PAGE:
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I don't typically use spreadsheets, but from time to time I receive one from someone and am reminded how handy they can be. Basically, with just one click, spreadsheets can sort alphabetically or numerically; change values and recalculate financial projections; import data from other sources on the Internet; or develop and crunch scientific data.

I am by no means a "power user," but if you're willing to learn, spreadsheets can be a valuable tool.

Microsoft's Excel is probably most popular spreadsheet software around, and some estimates - based on the ubiquity of Microsoft Office - put the number of users at close to 20 million. The majority of these users work on Windows-based computers, but Office runs on Macintosh computers, too, and the files are easily transferred between platforms.

The old-but-still-in-use Mac-based office suite Appleworks includes a spreadsheet program, as does Apple's new office suite, iWork with its Numbers software. Also, OpenOffice includes Calc, a spreadsheet, with a lot of support from the open-source community.

But before electronic calculators and computers, producing a spreadsheet was a big deal because they were tabulated manually, with pencil and paper, and later with mechanical adding machines.

Can you imagine calculating the rows and columns of spreadsheet by hand? Working up a spreadsheet in the old days was no simple decision. The office had to ask if it was worth the time it would take: What will a calculated spreadsheet tell us? Do we really need the figures? At the time, those weren't casual questions.

The first computerized spreadsheet came in 1979 and it also was one of the first applications written specifically for the emerging PC industry. The new computers of the time were great toys, but a PC needed to be useful beyond playing games for the business world.

As the story goes, according to Wikipedia, Dan Bricklin was in a college class watching a professor laboriously recalculate a financial model on the blackboard. He realized there was a better way using the new Apple II computer; all those calculations could be done on the fly, he thought, automating the once time-intensive task. So was born Visicalc - the first computer spreadsheet. (You can learn all you want to know at the Visicalc Web site, www.danbricklin.com/

visicalc.htm.)

Many people consider Visicalc to be the first "killer app," an application that changes the direction of either the computer industry or the business the program targets. A "killer app" provides a single reason for a person or a business to buy a computer, and with about 20 million users, the modern version of Visicalc - Excel - seems to have done just that.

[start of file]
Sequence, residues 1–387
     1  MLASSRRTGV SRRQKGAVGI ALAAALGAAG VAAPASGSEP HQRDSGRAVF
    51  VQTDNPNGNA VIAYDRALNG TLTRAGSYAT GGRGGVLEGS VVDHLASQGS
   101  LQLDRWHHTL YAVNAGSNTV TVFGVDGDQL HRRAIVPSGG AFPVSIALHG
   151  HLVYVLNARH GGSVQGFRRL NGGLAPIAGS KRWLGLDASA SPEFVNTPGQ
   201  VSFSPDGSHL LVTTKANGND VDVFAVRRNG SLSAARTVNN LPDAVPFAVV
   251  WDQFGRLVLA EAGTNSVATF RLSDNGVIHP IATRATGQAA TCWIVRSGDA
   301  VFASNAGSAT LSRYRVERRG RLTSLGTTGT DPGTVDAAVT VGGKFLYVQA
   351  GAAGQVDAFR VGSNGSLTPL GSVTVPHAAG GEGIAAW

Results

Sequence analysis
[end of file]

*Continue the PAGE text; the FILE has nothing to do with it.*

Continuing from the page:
Today, some say spreadsheets often have replaced more by-the-seat-of-the-pants decisions. Spreadsheets are so easy to use that calculating a business's potential for growth and developing sales projections, it is argued, are based solely on numbers rather than past experience, intuition or other factors. For example, it's easy to calculate projections for a lemonade stand after a sunny day of sales, but when you order a case of frozen juice without taking into account the weather forecast or the location, it doesn't do you much good.

Spreadsheets aren't used solely for calculating financial data - they can be used something like databases, too. One click on a column sorts that column. Spreadsheets aren't as efficient as databases for work that is search-intensive, but they can be convenient for a few pages of data that need to be sorted.

Three points to be aware of with spreadsheet documents:

n The default file extension for spreadsheets is .xls (you'll also come across different extensions for .xls templates). Microsoft's Office 2007 introduced new internal file formats based on some open-source concepts, but all versions are backward compatible. Appleworks will import older Excel .xls files, while iWork's Numbers will import all Excel spreadsheets, including the newer formats. Calc can import older Excel files and export in an Excel format that can be converted to the newer format.

n Excel and other .xls files are vulnerable to viruses because they allow macros to run. A macro is a small program that automates work done in a spreadsheet, such as formatting for mailing labels and deleting empty columns, and because macros are programs they also can be viruses. Usually, viruses only affect programs, but macro viruses infect the documents themselves and can thus be transferred across platforms, between Windows computers and Macs. Most anti-virus programs will detect macro viruses, and Excel will allow you to turn off macros so viruses can't run if they are present.

n And, as with any file, be careful where those Excel files are located on a business network so they aren't accessible to the outside world. A popular hacking trick is to Google for file types, and you'd be surprised how much personal and financial data a search can turn up on the Web in erroneously accessible spreadsheet files. In a few minutes' search I found business financial reports and obviously private mailing lists.

Follow-up: For more information on file extensions, check the File Extension Source at www.filext.com, which lists almost 25,000 and offers toolbar buttons to quickly search a database for unknown extensions.

Mark Ratledge is an information technology consultant in Missoula. Contact him through his Web site and blog at www.songdogtech.net.

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